• Joe Wallace says:

      It may depend on the lender’s standards, but if there is current employment and the employment in this case is verified (and the military commitment length is acceptable to the lender) it may not be a barrier to loan approval. As always, much depends on the individual circumstances.

  4. Justin Hines says:

    Is there any specific format the statement of intent to reenlist has to be done in?

  5. Anita says:

    Hi, I am working with a buyer and one of the conditions to obtain a final approval on his loan is a letter from his commanding officer about re-enlistment. It has taken over 3 weeks to obtain the letter and our contract expires tomorrow. I have never rub into an issue like this before. Why is he having trouble obtaining this letter? He hasn’t told us if there is an issue but I am suspecting that there may be a problem. why would a commanding officer refuse or delay to give a re-enlistment letter. Can the veteran get a letter from someone other than a commanding officer. Thank in advance for your response.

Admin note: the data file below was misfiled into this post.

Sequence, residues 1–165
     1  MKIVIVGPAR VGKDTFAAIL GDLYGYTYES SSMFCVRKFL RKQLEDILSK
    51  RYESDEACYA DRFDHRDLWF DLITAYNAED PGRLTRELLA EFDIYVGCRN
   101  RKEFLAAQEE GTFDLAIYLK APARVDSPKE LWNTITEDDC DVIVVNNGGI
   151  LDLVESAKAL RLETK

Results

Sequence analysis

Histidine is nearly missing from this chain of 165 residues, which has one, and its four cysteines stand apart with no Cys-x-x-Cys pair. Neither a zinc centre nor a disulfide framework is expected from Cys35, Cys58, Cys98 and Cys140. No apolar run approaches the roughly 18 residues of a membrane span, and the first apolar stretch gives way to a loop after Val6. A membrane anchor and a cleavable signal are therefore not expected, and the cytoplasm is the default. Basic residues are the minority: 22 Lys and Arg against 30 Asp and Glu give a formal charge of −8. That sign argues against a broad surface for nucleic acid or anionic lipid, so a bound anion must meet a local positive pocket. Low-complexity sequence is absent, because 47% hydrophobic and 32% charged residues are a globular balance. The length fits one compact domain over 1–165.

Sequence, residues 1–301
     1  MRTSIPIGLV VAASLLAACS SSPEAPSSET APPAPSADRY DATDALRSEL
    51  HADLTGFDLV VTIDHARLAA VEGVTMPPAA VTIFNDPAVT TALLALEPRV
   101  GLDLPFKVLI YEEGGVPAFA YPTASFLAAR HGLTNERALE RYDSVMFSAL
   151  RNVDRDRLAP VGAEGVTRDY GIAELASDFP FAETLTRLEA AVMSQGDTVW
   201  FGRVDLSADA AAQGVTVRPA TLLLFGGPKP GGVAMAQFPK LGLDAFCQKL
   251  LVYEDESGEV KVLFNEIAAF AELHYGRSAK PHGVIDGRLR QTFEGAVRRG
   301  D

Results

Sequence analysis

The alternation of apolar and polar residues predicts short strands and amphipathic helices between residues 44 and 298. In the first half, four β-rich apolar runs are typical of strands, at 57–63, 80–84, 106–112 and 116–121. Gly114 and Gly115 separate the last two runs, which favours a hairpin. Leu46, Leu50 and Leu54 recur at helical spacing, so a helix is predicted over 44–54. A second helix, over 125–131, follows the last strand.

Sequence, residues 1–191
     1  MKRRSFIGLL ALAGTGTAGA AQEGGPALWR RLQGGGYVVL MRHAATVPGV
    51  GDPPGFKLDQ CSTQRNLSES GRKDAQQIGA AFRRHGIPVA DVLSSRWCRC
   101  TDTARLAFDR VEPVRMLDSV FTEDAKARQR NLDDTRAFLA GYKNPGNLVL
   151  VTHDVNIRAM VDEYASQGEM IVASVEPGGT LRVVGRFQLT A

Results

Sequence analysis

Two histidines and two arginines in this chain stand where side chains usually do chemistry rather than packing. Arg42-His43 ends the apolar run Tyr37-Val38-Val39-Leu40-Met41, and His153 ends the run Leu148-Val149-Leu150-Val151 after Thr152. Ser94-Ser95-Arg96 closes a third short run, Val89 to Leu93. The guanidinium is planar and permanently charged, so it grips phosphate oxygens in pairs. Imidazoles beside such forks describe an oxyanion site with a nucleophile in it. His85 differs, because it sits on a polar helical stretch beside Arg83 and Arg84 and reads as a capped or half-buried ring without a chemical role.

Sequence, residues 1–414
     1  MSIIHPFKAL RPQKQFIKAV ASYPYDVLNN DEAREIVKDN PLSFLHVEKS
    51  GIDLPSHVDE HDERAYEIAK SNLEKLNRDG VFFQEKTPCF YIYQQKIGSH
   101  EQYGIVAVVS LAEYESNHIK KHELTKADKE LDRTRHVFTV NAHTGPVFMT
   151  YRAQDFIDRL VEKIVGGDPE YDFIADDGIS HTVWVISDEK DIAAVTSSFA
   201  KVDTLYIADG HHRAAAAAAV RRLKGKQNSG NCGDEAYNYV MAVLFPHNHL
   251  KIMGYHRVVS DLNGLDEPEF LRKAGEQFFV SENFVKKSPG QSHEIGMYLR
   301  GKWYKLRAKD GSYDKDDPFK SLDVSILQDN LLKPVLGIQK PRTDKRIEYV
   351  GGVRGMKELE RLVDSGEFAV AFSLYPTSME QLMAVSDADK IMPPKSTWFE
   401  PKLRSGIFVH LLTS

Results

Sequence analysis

• Joe Wallace says:

      Borrowers need to go through the unit orderly room or commanding officer to obtain the letter. The borrower may need to request the help of his First Sergeant, or someone in a similar position of authority (Such as a Navy Chief Petty Officer for the unit) if there’s no response from the Commanding Officer. IF the reenlistment eligibility is in question that could delay the issue of such a letter.

  6. Frank Donald says:

    If you write a letter saying you plan to reenlist. Buy a home, and then end up not reenlisting, what happens then? The house was purchase and now it have been about six months since the deal was close.

    • Joe Wallace says:

      The answer may depend on state law and the requirements of your loan agreement. Check the legally binding document you signed at closing time to see if there is any clause that may pertain to this situation.

  7. Raul Rubio says:

    Hello, I am being asked by the mortgage company to submitt a LOE concerning re-enlistment. The thing is that I am an officer in the ARNG, we don’t re-enlist and we do not sign contracts. What should I do?